I'd add Canon 24-105 and 17-40, at least from some very nice photo's I've seen. I have DA 17-70 and like it a lot, so, yes, I do believe that manufacturers can make some very good f/4's. I consider constant f/4 to be the ideal mix of speed, price, and weight. I've considered that there will be very few times where f/4 will NOT be fast enough that f/2.8 will be. I'm not a pro, and the wedding 'togs sure seem to like/want their 2.8's, so there must be something to that. FWIW, a few years ago, I concluded that people use the focal length range of 50-70 (for lenses that have that range) three times more often than people use an aperture less than 4.0 (for lenses that have that option). That is why I have a 17-70/4 and not a 16-50/2.8.
04-19-2013, 12:12 AM   #21
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QuoteOriginally posted by reeftool Quote
it didn't seem as heavy as it does today.
It's just like the rest of us, you gain a few pounds with age.
04-19-2013, 01:10 AM   #22
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It is easier to design slower lenses - and it is also less costly to produce them from a manufacturing point of view as well. The glass blanks are smaller - which makes it more economical to order large quantities of them. The larger a glass blank is generally the more it costs to produce a optically perfect one from which a lens can be made, there is also the fact that slower lenses typically do not need the kind of optical aberration correction that faster lenses do*. Also faster lenses typically require exotic glass types to correct for optical aberrations as well, there is also the use of aspherical lenses - which require specialised machines and tools to create.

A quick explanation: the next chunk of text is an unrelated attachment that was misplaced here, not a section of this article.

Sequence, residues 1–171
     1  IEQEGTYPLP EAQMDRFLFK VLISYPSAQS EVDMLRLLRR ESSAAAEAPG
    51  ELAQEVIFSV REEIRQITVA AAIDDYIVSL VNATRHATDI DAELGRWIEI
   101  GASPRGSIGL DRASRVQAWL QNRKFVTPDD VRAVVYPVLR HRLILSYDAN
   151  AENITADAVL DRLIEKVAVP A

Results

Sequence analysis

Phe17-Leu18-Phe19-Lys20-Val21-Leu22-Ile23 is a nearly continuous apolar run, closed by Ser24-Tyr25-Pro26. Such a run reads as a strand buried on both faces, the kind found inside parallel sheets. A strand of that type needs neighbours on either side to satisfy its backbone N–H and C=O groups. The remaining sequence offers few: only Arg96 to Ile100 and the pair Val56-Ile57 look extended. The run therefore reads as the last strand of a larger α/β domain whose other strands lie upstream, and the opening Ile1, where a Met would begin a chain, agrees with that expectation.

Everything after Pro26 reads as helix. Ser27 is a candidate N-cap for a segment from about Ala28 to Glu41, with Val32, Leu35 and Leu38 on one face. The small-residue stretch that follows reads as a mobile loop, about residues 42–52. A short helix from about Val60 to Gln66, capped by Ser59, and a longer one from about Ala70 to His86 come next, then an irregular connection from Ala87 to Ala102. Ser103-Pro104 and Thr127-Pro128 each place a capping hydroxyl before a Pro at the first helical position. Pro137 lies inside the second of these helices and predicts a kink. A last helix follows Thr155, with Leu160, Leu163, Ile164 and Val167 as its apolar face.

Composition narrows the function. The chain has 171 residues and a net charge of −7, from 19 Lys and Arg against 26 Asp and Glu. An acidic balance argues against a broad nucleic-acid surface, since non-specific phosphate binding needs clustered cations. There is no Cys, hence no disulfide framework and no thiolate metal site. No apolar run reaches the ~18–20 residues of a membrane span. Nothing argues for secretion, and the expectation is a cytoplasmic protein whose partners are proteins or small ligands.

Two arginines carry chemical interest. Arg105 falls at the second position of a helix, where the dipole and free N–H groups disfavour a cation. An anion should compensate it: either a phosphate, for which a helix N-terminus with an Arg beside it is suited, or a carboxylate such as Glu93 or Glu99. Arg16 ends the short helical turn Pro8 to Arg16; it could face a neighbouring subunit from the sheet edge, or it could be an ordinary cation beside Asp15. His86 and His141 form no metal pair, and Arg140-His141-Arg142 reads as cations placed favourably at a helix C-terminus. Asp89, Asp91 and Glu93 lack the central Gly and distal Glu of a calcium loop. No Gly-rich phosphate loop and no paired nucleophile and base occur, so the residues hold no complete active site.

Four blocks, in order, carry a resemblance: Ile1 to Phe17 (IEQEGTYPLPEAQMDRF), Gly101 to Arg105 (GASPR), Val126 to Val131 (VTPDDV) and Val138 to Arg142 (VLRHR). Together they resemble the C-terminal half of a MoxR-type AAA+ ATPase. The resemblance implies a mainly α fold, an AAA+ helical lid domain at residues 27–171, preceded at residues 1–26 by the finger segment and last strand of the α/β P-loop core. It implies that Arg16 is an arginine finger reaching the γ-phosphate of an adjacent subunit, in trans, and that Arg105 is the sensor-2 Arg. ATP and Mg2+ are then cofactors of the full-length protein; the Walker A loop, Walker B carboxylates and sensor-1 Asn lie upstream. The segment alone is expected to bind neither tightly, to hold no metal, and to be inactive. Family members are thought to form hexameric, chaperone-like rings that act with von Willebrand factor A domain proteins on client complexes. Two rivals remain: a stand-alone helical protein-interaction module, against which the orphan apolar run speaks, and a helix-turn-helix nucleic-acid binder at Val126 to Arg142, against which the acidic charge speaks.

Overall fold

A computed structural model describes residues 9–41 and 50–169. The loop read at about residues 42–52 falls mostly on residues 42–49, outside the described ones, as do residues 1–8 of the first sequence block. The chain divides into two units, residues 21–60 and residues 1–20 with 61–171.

*Though this really depends on the focal length of the lens.

QuoteOriginally posted by Lowell Goudge Quote
Many lenses need to be stopped down 1-2 stops to be at the sharpest, the same number of stops down from 2.8 is still a stop faster than F4. Also. You still get a brighter viewfinder
Correct, though this does depend on the focal lengths of the lens and the optical construction of the lens as well. My sigma 100-300mm f/4 performs extremely well from f/5.6 -just one stop down, but a wide angle lens like the Pentax DA 16-45mm f/4 only performed consistently at f/8.

QuoteOriginally posted by joe.penn Quote
DA*300 f/4 and the Sigma 100~300 f/4 are 2 top quality feature rich f/4 lenses.
Indeed they are but the Sigma doesn't have the kind of flare tolerance the DA*300mm f/4 does - one of the biggest faults of sigma lenses, I have panned Sigma for years over how bad their optical coatings are.

Though that hasn't stopped me from obtaining good Images from my Sigma 100-300mm f/4 APO EX DG

Last edited by Digitalis; 04-19-2013 at 01:21 AM.
04-19-2013, 03:39 AM   #23
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QuoteOriginally posted by sholtzma Quote
Times have changed. My K-5 takes good photos in very low light, especially paired with modern image-editing programs.
That's my experience with modern cameras as well. A high-quality, relatively light, weather-sealed 24-70 f/4 (in FF terms) would be the ultimate all-around lens for me. Covers all but the most specific situations.